3. Intersex people must be “made” into a man or a woman. If intersex people want to undergo transition so that they are a man or a woman, that is up to them. However, non-consensual surgery to make an intersex person into something they don’t want to be is harmful mentally, not to mention the fact that such surgeries can be physically harmful if not done properly.
  4. Even if they don’t get surgery to be made into a man or a woman, intersex people must be raised as a man or a woman and behave as a man or a woman. This seems like a product of ideas about gender as a binary—the idea that someone must be clearly a man or a woman. However, intersex people should have the freedom to choose their own path as to whether their gender identity is as a man, as a woman, or as somewhere outside of the gender binary.

These, of course, are just a few of the harmful stereotypes associated with being intersex. If there are other stereotypes about intersex people that should be discussed and/or if anyone wants to expand upon the intersex stereotypes mentioned here, please feel free to post a comment below!

Other posts in my LGBTQ Stereotypes Series:
Introducing a Series on LGBTQ+ Stereotypes
Lesbian Stereotypes
Gay Stereotypes
Bisexual Stereotypes
Transgender Stereotypes
Queer Stereotypes


[1] There are other examples too, aside from the one I mentioned here.

[2] https://www.bbc.com/news/world-africa-48120228

The Intersex Pride Flag.

Queer Stereotypes

As I said a few months ago, I will be doing a series addressing stereotypes for LGBTQ+ people—talking about people who identify themselves as lesbian, gay, bisexual, transgender, and queer, as well as people who are intersex and asexual. I look forward to continuing through this series.

As I am going in order of the acronyms for LGBTQ (or LGBTQIA), it is time for me to discuss stereotypes associated with being queer. But before going into details about those stereotypes, I should start by talking about what it means to be queer and stereotypes associated with friends, fellow writers, celebrities and others who are queer.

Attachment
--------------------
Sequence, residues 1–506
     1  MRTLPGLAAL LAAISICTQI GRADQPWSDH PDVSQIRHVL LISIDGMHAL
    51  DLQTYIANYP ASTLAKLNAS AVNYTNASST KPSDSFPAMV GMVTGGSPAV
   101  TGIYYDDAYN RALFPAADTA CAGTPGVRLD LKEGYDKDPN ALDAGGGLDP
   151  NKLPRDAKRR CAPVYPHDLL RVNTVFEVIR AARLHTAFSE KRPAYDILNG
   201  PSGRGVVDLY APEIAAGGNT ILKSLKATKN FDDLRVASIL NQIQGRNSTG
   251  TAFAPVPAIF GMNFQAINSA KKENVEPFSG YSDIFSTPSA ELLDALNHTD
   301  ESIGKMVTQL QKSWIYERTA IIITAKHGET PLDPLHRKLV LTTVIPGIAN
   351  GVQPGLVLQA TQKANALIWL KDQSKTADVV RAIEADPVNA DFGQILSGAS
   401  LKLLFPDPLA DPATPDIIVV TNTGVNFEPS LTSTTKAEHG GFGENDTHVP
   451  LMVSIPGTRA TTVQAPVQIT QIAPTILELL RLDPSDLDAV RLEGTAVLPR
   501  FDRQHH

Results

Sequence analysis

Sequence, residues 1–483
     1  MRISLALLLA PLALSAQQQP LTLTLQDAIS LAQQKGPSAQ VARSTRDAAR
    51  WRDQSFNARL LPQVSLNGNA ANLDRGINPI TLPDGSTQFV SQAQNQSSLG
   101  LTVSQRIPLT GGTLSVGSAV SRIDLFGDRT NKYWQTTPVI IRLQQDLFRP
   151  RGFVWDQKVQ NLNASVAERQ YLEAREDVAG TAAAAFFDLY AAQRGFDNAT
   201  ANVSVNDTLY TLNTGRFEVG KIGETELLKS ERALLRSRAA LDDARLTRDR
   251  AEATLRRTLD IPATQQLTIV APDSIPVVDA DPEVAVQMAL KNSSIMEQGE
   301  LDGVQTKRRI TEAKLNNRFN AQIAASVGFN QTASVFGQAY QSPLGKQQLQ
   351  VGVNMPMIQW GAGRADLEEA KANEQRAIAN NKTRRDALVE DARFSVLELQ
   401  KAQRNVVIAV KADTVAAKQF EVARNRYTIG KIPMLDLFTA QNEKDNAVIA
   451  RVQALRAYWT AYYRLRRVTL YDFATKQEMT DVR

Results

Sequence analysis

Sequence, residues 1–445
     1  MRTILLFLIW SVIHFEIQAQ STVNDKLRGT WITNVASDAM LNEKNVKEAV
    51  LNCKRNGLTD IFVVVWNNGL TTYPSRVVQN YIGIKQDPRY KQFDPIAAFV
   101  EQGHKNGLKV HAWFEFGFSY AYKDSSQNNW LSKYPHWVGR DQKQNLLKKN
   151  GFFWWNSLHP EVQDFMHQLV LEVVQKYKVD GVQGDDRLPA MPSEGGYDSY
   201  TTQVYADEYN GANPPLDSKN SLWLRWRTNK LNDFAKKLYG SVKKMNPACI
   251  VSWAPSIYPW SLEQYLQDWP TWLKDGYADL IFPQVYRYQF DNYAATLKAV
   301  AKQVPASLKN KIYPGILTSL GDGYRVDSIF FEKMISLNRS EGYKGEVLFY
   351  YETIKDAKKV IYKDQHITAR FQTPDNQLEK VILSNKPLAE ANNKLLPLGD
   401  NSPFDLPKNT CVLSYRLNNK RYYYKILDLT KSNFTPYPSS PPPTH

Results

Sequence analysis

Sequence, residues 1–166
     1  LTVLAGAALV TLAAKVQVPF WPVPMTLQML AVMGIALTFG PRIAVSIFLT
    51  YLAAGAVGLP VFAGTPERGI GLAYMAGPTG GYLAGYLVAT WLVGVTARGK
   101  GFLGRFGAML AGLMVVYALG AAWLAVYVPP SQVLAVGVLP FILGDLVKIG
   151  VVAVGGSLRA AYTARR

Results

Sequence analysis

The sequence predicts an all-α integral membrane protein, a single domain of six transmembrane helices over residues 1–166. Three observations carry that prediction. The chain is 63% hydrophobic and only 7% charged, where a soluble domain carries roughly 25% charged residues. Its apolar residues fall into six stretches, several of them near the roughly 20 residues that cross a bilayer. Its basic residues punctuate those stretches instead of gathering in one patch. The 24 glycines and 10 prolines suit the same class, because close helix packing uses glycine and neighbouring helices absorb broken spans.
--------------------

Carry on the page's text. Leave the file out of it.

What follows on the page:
Let me start by saying that the definition of “queer” is not one that everyone uses in the same way. The term queer has a history of being used in a derogatory way, and depending on the generation you come from, you may still view queer as a derogatory term.[1] However, more recently, queer has turned into a term that is often used to either: a) describe all people who are not heterosexual and/or not cisgender[2] or b) describe non-heterosexual and/or non-cisgender people who feel that other LGBTQ+ terms such as lesbian, gay, bisexual, transgender, etc. don’t accurately describe who they are.

Given the multitude of definitions of what it means to be queer, there are many stereotypes associated with being queer. Here are a few such stereotypes:

  1. If you are queer, you must be lesbian, gay, bisexual, transgender, or some other identity. Not so. As I said in my previous paragraph, one major reason that some people describe themselves as queer is that terms such as lesbian or transgender may be too limiting to describe themselves and their experiences.